Inclusive Communities

How can we help people with a dementia participate in community life?

Over 850,000 people live with a dementia in the UK today, with numbers set to rise ¹. With greater pressure to help people live well with the condition at home, new challenges emerge in how people’s care needs can be met in their own communities. Those needs include access to the same facilities, services, and opportunities as everyone else. For example, access to heritage sites and activities offers an important route to wellbeing outcomes for those with a dementia diagnosis. Yet, exclusion is common, reflecting stigma attached to the condition and a lack of opportunities to participate fully in community life. These opportunities should respond to the needs, interests, and capabilities of those with a dementia diagnosis, rather than be designed for someone with dementia – a critical position in person-centred care today.

1 Alzheimer’s Research UK. Dementia Statistics Hub. Available at

A Wicked Problem

classic wicked problem, the question of how to support those with dementia in community life looks very different when working from the needs of an individual, a family, a community, or from the perspective of anyone with a dementia (where ever they may be). A clumsy solution might ask how individuals (including those with a dementia) can be empowered to shape local responses, harness community capital, and reveal where local action might be scaled across a region and beyond. With this in mind, supersum has approached the UK Meeting Centres programme run by the Association for Dementia Studies (ADS) at the University of Worcester. Meeting Centres (operating across Europe) support people living with mild-to-moderate dementia to cope with the transitions dementia brings. We believe that Meeting Centres are uniquely well-placed to tackle the challenge of building dementia-inclusive communities.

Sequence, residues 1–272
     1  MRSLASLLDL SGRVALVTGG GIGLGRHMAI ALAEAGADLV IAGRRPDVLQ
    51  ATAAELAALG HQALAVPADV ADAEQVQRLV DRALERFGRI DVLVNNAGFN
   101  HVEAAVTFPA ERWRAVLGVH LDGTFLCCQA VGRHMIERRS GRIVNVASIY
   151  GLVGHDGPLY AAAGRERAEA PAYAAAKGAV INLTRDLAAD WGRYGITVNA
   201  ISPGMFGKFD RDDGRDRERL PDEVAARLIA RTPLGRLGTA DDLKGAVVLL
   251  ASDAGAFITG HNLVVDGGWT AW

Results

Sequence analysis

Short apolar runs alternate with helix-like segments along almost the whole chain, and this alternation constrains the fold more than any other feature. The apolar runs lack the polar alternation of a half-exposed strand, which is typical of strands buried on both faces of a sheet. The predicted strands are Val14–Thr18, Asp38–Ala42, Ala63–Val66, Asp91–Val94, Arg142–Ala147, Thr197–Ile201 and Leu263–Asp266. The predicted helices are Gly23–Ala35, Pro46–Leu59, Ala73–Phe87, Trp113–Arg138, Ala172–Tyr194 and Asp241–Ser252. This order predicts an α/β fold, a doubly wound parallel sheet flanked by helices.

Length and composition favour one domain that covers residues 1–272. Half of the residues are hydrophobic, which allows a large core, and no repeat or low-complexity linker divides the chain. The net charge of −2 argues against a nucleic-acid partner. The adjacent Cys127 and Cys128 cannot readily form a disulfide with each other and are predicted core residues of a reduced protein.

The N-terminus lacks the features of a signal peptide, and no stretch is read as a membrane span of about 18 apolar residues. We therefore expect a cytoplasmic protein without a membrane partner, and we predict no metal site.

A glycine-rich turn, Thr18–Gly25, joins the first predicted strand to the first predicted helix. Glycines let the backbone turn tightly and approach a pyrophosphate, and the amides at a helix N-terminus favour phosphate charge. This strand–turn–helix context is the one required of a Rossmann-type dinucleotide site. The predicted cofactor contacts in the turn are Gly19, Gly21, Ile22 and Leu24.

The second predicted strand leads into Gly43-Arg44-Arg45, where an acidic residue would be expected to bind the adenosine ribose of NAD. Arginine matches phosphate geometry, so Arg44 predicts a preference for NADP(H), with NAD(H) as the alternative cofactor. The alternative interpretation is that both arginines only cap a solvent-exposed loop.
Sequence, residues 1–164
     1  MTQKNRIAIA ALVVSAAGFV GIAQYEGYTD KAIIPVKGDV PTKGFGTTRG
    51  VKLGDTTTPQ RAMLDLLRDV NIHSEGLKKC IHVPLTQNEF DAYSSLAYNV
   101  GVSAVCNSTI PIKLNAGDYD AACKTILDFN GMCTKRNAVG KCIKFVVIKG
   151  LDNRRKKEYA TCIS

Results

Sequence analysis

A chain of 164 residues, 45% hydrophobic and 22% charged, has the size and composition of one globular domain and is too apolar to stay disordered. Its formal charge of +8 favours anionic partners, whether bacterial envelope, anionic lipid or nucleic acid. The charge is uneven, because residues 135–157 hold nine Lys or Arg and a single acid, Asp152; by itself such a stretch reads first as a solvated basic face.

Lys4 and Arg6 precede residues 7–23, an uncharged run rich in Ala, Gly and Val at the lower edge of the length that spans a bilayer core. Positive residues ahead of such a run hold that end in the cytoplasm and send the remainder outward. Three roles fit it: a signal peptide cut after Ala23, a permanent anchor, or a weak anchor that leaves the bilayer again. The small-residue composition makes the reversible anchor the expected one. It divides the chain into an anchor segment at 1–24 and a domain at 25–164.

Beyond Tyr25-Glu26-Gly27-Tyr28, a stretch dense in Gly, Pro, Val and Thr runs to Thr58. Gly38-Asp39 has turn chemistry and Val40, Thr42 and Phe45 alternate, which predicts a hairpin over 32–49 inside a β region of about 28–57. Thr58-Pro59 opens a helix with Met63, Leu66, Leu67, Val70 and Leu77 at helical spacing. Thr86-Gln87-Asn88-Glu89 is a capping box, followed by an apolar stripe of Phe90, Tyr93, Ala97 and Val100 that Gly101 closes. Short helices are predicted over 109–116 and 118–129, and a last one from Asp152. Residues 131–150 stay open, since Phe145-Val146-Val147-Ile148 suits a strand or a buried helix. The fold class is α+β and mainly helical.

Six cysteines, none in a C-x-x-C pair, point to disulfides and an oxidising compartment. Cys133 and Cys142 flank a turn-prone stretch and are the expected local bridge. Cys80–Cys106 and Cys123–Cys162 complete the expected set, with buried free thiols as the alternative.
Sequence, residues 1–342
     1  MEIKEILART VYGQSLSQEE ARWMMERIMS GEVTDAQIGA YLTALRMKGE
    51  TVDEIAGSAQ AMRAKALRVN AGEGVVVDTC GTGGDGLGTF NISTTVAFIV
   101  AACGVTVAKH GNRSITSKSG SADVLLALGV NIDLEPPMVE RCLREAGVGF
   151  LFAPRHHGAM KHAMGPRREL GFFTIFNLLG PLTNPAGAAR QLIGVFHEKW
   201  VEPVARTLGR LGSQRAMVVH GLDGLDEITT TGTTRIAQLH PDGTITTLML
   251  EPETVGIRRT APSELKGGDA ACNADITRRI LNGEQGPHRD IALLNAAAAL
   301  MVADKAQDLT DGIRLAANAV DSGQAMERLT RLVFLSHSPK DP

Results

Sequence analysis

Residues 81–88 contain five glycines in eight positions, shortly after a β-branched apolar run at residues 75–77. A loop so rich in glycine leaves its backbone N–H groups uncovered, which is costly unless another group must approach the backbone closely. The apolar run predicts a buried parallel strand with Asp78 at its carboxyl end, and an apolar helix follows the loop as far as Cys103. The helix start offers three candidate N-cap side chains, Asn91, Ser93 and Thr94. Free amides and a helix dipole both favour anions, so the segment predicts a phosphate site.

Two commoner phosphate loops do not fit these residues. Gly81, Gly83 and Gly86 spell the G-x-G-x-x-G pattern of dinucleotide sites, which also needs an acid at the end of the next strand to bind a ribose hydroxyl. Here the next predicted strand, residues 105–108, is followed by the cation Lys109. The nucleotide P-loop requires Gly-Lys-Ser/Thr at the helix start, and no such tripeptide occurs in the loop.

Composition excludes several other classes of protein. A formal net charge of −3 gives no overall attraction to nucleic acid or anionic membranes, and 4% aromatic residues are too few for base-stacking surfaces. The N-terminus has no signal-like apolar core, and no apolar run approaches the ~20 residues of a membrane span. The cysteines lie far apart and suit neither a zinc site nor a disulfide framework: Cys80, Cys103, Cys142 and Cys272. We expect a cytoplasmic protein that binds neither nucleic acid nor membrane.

“Globally, the numbers of people living with dementia will increase from 50m in 2018 to 152m in 2050, a 204% increase”

Alzheimer’s Research UK. Dementia Statistics Hub. Available at


The Story So Far

Building on the success of Dementia Connect, we are now working closely with Leominster Meeting Centre (LMC) in Herefordshire to drive innovative new forms of engagement with heritage in the region for people with a dementia diagnosis. Our project – Heritage Pathfinders – will support local heritage professionals and creative practitioners to take up residency at LMC and immerse themselves in the lives and experiences of its members. An £18K ‘seedcorn’ fund will then support the co-design of new projects with members that can demonstrate a path towards sustainable delivery and routes to scale. Launching in February 2021, Heritage Pathfinders is a partnership between LMC, supersum, and ADS – funded by The Tudor Trust.

Our Approach


Broaden the range of heritage partners active in Meeting Centre life


Drive heritage innovation projects within the 'adjusting to change' model


Support Meeting Centre members to actively lead in project developments


Equip the Meeting Centre with new assets for future funding bids

Project Partners


supersum Projects

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